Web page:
4. Treatment

Treatment may be administered in the office. For example, a patient diagnosed with hypertension may have medication prescribed. That medication is the treatment. Gathering information at this stage is critical to see how your patient views the healthcare provider’s follow-up or responses to inquiries.

In most cases, treatment extends beyond the initial clinical visit. For example, a patient might require additional tests to get a diagnosis. Providing the next steps to a patient in a timely manner and letting them know the test results is crucial to patient satisfaction.

5. Long term

A satisfied patient results in a long-term relationship and referrals to friends and family. Most of the data collected at this stage will be positive since the patient is continuing to use your services.

Gathering data after the treatment stage allows you to expand on the qualities that keep patients returning for your services in the long term.

Benefits of patient journey mapping

The patient benefits from their healthcare provider understanding their journey and taking steps to improve it. Healthcare providers also reap several benefits, including the following:

1. Efficient patient care

When they understand the patient journey, healthcare providers can provide care more efficiently and spend less time and money on unnecessary, unwanted communications.

2. Proactive patient care

Proactive patient care is aimed at preventing rather than treating disease. For example, women who are over a certain age should have an annual mammogram, smokers may be tested for lung disease, and elderly women may need a bone density study. These preventative measures can help keep disease at bay, improve health outcomes, and build trust with patients.

3. Value-based patient care

Patients don’t want to feel they are being charged unfairly for their healthcare. Focusing on the individual patient promotes satisfaction and yields positive outcomes.

The Center for Medicare and Medicaid Services (CMS) has issued recent guidelines for participants that help offset the costs of high-quality care through a reward system.

4. Retention and referrals

Patients who are happy with their journey will keep returning for healthcare, and happy patients equal voluntary referrals. Many providers offer rewards to incentify referrals.

How to get started with patient journey mapping

Follow the steps below to start the patient journey mapping process:

Establish your patient personas

Journey mapping is a great way to identify your patient’s characteristics so that their experience can be further enhanced.

Some of the following determinations can help you pinpoint your patient’s persona and establish protocols to provide a better service:

  • How do your patients prefer to communicate? Are they more comfortable with phone calls, texts, or other methods?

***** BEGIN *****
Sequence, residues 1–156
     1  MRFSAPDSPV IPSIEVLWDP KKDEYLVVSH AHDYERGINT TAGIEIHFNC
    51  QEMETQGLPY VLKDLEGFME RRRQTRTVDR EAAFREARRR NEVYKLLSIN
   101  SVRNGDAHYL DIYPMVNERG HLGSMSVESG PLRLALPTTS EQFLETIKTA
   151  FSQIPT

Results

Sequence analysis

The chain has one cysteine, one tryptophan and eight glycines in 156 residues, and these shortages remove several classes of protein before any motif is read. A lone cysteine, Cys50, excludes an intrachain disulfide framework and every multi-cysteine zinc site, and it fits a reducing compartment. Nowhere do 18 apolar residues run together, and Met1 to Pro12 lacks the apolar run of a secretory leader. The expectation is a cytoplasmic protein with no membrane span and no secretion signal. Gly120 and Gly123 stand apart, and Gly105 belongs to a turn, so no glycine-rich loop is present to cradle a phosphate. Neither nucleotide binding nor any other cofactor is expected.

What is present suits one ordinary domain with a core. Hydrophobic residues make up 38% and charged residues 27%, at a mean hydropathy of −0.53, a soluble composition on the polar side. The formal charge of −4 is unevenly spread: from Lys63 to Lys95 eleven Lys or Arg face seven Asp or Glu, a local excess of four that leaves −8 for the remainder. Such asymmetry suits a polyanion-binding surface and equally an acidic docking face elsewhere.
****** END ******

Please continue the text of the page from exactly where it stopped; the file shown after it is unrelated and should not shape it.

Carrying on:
• How are most patients finding your services? Are they being referred by friends or family members, or are they seeing advertisements?

  • Would the patient prefer in-person communication or telecommunication?

  • What are the patient’s expectations of care?

This data can be complex and widespread, but it can give you the information you need to more effectively and efficiently communicate with your patients.

Understand the entire patient lifecycle

Each patient is unique. Understanding the patient lifecycle can avoid confusion and miscommunication.

To positively engage the patient, you’ll need to gather data not only about communication methods but where they are in the patient journey, their health issue, and their familiarity with the healthcare provider’s procedures and treatment options.

Understand the moments of truth

With a few exceptions, most people seek healthcare services when they are ill or have a healthcare issue. These situations can cause patients to feel stressed and anxious. It’s these moments of interaction where compassion, knowledge, and understanding can provide relief and reassurance.

When patients see their healthcare provider, they are looking for solutions to problems. It’s the provider’s opportunity to identify these moments of truth and capitalize on them.

Get the data you need

Healthcare providers can collect vast amounts of data from patients, but the data collected rarely goes far enough in analyzing and determining solutions.

Your patients have high expectations regarding personalized treatment based on data. They want personalized, easy access to medical information and records, responsive treatments and follow-up, and communication in their preferred format.

You need more than clinical data to give patients what they want. You also need personal data that sets each patient apart and ensures a tailored experience.

For example, it might be challenging for parents of small children to contact the clinic and schedule appointments at certain times of the day. As a healthcare provider, you’ll need to be aware of the best times to contact this individual and offer simple methods for scheduling appointments.

Another example is patients with physical disabilities. You can take steps to improve their access to and experience at the healthcare facility.

Encourage referrals and loyalty

Although engagement on social media and online forums is becoming more and more common, the best way for new patients to find you is through referrals. Referrals stem from satisfactory experiences and trust.